Sir John Coode

A civil engineer, he was born in Bodmin, Cornwall, the son of a solicitor. He was educated at Bodmin Grammar School and studied civil engineering under James Rendel of Plymouth. He has been described as the most distinguished harbour engineer of the nineteenth century for his works on the harbours of Table Bay (South Africa) and Colombo (Sri Lanka). In 1878, he was brought out by the Melbourne Harbour Trust to report on works for improving the port where large ocean-going ships had been prevented from approaching the city by the narrow and winding Yarra River.  His plans were the basis on which the modern port of Melbourne has been developed. He was knighted in 1872 and served on the International Commission of the Suez Canal in 1884-92.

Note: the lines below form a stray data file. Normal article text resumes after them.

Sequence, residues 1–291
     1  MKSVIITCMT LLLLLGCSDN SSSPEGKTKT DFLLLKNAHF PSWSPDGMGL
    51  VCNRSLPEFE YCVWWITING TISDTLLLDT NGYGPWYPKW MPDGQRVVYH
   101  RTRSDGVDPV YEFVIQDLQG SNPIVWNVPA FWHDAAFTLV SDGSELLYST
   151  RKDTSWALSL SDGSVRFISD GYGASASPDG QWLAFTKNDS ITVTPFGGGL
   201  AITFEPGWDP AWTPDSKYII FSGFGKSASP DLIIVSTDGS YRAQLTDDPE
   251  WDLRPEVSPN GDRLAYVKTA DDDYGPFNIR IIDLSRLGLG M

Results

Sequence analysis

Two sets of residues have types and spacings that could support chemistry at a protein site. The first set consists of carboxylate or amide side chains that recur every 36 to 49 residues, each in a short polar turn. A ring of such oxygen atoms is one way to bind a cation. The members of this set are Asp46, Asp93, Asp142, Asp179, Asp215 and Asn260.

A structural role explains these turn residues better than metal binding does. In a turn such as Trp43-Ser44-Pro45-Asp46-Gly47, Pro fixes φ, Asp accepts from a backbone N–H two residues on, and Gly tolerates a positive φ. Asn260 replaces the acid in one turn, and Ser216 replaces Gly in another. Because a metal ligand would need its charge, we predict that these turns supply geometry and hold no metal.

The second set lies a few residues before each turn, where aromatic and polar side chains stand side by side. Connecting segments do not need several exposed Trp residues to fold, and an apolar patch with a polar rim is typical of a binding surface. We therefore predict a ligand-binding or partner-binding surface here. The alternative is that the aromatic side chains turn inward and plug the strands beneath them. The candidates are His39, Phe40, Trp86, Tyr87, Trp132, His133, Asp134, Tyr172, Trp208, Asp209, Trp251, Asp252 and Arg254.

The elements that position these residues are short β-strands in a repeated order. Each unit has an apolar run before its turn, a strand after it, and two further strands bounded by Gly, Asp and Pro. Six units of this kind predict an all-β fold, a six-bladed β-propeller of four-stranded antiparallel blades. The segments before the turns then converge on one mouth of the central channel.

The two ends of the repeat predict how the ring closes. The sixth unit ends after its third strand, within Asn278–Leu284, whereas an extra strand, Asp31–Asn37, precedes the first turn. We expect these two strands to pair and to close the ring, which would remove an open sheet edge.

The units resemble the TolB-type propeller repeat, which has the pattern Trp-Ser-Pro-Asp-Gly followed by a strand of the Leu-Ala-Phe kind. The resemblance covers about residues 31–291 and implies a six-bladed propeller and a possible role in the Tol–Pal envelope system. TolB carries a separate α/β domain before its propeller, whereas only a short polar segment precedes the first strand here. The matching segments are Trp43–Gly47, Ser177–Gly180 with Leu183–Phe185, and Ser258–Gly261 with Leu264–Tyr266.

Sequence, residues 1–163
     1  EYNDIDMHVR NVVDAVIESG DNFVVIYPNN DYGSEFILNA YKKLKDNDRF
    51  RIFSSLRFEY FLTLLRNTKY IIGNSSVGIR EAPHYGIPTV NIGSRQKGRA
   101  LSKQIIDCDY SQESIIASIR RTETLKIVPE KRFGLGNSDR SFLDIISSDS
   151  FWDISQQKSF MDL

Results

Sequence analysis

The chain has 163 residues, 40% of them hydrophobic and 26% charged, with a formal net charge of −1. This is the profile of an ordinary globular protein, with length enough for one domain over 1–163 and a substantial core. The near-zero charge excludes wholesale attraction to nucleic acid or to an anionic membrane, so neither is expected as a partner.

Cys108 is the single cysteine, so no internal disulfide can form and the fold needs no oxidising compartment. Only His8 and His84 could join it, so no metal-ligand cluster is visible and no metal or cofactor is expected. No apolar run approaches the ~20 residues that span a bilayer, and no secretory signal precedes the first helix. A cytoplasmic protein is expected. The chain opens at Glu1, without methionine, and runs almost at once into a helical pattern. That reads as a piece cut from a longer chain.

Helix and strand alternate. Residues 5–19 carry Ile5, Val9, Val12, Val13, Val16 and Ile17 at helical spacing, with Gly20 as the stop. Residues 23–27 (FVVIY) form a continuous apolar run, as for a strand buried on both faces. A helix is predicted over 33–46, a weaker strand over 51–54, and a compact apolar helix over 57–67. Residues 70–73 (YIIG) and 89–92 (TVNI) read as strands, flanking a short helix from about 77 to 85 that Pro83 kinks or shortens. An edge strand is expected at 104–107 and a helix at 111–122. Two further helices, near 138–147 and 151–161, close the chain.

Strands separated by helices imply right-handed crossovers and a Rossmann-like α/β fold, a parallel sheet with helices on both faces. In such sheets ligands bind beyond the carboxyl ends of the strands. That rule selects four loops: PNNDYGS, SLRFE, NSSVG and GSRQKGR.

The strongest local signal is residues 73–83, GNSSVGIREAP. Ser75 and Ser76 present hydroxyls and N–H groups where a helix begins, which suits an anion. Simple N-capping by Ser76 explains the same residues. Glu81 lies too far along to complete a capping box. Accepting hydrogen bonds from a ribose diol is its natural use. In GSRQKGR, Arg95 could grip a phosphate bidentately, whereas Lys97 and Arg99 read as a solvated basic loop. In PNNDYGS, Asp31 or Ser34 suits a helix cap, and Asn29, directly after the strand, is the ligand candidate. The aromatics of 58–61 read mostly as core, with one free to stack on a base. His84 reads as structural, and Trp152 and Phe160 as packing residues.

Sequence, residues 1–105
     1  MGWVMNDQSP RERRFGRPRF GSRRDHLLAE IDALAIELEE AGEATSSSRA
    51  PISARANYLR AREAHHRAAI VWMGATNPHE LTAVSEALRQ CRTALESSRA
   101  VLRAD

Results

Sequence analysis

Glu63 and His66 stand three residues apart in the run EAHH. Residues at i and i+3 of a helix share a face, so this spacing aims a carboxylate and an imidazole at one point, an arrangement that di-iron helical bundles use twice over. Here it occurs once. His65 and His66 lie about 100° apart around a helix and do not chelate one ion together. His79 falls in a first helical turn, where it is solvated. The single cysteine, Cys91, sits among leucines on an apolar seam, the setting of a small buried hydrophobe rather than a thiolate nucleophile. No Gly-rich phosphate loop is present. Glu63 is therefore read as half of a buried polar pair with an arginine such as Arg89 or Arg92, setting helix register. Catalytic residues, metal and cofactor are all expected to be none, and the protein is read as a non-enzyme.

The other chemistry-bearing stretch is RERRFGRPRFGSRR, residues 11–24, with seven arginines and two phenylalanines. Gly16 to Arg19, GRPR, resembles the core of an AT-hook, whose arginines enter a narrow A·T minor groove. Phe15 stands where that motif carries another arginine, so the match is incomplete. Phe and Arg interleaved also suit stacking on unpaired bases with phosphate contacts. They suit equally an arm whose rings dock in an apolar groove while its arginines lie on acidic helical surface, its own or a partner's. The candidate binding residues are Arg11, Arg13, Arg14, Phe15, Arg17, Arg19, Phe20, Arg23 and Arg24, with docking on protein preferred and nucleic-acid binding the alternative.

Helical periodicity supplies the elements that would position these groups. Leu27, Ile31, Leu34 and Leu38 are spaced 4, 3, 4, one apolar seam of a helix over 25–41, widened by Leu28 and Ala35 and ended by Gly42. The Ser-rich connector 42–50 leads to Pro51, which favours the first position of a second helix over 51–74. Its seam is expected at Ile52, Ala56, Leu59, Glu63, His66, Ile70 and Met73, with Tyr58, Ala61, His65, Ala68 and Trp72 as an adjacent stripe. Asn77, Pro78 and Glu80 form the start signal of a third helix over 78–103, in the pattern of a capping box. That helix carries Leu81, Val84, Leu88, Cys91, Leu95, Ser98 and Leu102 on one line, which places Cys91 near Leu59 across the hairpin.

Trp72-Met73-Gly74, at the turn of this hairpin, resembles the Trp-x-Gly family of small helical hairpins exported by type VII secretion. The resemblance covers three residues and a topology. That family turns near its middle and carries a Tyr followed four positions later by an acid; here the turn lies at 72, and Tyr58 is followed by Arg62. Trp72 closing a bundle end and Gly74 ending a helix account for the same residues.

In Ireland he was the expert of choice to help develop the ports of Wexford and Waterford as well as navigation of the river Bann at a time when road transport was unreliable and very slow. His suggestion for Waterford was to create a Central Station near Reginald’s Tower where all the six railways would converge with a tunnel through Bilberry Rock to bring the Waterford, Dungarvan and Lismore line into the city. Sadly this never happened.

William Dargan